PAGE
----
Koalas have moved from “least concern” to “near threatened,” as well. Habitat destruction and fragmentation, brushfires, disease and drought have all taken a toll on Australia’s favorite marsupial. While management plans are in place, they require improvements; a recent parliamentary inquiry concluded that Australia’s conservation and management strategy was largely ineffective.
The latest IUCN assessment also shows that of the 415 endemic Hawaiian plants assessed, 87 percent are threatened with extinction. Thirty-eight plants have been listed as extinct, and four are listed as extinct in the wild. Invasive species, such as pigs, goats, rats and slugs, as well as non-native plants, have imperiled Hawaii’s flora, and the IUCN Species Survival Commission Hawaiian Plant Specialist Group anticipates that the remaining species to be assessed also will be highly threatened.
“[The IUCN Red List] has to drive imperative and important conservation action or we will lose these species forever,” said IUCN Director General Inger Anderson. “Once they are gone, they really are gone.”
Amid this bad news, there are signs of hope, as well. Two endemic Hawaiian plants thought to be extinct — Mark’s Cyanea and Hairy Wikstroemia — were rediscovered during the most recent assessment. And several other species have been down-listed, indicating that conservation actions are working.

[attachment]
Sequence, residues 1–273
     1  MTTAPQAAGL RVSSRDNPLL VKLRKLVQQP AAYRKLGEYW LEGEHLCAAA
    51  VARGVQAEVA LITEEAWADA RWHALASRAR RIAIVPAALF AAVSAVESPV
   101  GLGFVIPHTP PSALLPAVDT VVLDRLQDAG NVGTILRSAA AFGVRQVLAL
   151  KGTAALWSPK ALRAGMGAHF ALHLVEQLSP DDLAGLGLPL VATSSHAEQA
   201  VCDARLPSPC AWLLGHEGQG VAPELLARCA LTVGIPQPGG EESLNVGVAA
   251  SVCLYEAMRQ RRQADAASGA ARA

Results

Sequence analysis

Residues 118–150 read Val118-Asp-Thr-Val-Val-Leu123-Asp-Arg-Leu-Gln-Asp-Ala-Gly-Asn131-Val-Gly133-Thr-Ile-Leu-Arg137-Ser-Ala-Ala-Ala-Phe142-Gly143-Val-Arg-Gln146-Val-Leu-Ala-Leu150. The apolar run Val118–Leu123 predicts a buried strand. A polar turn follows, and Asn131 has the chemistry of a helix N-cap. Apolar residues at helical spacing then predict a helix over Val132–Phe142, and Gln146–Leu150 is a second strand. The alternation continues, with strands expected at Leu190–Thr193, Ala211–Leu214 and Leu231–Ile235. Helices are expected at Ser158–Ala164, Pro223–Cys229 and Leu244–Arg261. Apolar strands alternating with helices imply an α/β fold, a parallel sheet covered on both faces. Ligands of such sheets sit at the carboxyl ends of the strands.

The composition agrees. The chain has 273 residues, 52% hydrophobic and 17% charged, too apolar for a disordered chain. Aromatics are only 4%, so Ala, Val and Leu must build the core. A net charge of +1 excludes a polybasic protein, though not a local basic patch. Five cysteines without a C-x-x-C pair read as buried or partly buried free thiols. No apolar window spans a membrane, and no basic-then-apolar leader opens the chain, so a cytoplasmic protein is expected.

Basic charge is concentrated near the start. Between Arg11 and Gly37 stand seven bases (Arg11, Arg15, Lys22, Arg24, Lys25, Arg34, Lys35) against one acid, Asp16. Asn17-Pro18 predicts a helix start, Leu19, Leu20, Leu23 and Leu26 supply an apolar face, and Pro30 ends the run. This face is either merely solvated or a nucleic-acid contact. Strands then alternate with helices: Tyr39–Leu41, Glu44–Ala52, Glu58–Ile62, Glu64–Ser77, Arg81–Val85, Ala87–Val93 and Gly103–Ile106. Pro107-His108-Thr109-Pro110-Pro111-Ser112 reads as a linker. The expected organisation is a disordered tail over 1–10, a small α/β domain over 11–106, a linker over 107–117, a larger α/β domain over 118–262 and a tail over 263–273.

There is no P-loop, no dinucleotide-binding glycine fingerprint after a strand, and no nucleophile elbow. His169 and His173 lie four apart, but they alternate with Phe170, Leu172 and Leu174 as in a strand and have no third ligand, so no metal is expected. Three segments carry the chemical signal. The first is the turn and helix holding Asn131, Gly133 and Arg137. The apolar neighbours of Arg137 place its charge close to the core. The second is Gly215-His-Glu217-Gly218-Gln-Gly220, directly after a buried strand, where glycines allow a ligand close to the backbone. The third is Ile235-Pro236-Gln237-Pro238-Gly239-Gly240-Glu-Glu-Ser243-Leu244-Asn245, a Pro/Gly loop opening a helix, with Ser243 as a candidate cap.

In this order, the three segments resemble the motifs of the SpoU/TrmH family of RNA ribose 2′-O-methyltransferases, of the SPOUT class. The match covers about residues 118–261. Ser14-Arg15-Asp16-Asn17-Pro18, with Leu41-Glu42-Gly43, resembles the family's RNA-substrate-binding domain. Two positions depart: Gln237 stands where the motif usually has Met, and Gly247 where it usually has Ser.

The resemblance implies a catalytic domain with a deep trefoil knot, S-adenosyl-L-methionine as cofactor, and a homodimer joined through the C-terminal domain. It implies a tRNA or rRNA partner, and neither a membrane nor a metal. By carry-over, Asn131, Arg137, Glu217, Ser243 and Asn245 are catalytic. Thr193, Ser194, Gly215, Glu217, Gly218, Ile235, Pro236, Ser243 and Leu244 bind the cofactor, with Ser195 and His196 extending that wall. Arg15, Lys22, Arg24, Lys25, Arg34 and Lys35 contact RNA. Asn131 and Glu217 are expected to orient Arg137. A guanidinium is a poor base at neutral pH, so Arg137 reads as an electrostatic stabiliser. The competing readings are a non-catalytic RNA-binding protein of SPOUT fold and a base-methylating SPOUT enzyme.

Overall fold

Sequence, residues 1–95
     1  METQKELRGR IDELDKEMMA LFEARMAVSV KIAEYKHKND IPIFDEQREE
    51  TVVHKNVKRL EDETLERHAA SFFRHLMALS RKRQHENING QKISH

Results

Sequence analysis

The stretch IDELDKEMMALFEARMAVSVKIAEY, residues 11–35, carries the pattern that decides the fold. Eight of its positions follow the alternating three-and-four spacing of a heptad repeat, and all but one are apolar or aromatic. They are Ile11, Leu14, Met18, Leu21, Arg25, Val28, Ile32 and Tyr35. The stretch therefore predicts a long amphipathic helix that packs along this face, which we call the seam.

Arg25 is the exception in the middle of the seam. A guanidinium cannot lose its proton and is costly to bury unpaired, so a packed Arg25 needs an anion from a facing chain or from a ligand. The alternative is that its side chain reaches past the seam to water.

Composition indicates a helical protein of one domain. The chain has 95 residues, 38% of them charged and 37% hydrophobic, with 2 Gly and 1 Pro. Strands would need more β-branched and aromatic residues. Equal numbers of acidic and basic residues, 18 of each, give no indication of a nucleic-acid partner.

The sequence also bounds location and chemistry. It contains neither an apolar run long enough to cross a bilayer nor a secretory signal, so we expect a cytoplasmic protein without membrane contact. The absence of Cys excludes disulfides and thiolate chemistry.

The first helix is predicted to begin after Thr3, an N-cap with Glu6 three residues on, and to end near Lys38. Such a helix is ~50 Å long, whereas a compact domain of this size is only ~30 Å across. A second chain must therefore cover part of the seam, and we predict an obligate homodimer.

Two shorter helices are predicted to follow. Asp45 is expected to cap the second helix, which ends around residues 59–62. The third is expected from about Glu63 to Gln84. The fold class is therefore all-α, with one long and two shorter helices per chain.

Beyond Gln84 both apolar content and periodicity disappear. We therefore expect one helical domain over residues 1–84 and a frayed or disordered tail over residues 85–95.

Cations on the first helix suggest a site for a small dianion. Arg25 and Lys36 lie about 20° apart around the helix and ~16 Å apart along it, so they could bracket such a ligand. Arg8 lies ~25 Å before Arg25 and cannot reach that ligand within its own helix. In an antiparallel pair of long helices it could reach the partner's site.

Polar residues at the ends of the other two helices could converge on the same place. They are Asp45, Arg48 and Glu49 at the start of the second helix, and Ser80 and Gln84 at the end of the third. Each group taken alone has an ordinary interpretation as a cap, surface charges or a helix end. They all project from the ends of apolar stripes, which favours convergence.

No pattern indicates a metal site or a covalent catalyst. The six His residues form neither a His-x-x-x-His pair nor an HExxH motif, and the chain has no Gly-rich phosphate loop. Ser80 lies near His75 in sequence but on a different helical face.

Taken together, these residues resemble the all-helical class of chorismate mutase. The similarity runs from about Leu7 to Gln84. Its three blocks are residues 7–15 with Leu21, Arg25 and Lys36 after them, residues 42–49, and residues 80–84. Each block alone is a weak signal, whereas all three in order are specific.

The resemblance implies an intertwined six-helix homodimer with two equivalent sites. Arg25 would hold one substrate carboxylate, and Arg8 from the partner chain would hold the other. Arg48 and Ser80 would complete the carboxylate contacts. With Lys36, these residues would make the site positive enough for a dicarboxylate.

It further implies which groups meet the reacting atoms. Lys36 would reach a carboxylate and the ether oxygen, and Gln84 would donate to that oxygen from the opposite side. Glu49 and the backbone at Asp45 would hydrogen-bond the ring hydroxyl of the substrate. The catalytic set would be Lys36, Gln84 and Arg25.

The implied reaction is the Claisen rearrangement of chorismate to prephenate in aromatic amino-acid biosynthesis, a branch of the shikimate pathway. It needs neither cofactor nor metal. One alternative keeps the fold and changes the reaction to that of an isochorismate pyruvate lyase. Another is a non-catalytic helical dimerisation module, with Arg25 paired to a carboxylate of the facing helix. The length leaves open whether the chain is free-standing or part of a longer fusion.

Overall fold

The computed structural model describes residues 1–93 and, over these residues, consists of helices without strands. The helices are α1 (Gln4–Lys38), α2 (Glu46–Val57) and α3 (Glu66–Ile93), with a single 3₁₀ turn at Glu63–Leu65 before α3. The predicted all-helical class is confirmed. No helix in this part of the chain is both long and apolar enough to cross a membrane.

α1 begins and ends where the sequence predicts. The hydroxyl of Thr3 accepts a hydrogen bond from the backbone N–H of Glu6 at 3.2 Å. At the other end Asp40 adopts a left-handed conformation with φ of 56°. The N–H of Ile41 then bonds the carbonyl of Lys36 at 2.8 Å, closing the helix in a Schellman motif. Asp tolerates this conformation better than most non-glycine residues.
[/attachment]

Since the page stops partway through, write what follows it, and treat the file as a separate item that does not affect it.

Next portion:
The giant panda was moved from “endangered” to “vulnerable,” as its population has grown as a result of effective forest protection and reforestation efforts by China. “We’ve kept it in the vulnerable category because there are concerns about climate change,” said Craig Hilton-Taylor, head of the Red List Unit.
Bamboos are quite sensitive to climate change, and models show that 35 percent of the bamboo that pandas rely could be wiped out over the next 80 years. “All the good work done by Chinese authorities on the ground could be easily be undone by a threat which is caused by the global community, not just the Chinese,” Hilton-Taylor said.
Another success story due to conservation action is the Tibetan antelope, which has moved from “endangered” to “near threatened.” After a severe population decline due to poaching in the 1980s and early 1990s, which brought the animals down from 1 million to an estimated 65,000 to 72,500, rigorous protection measures have been enacted and enforced, bringing the population back up to between 100,000 and 150,000.
Two Australian species have seen an upswing, as well: the greater stick-nest Rat, which moved from “vulnerable” to “near threatened” and the bridled nailtail wallaby, which moved from “endangered” to “vulnerable.”
On Saturday night, the IUCN, its Species Survival Commission and nine Red List partner institutions committed to supporting the IUCN Red List, pledging more than $10 million over the next five years toward achieving a goal of assessing 160,000 species by 2020.
“Our goal is to make that IUCN Red List an even more complete barometer for life and, therefore, being a real driver for action,” Anderson said.
Allie Wilkinson is an independent multimedia journalist specializing in science, technology and the environment.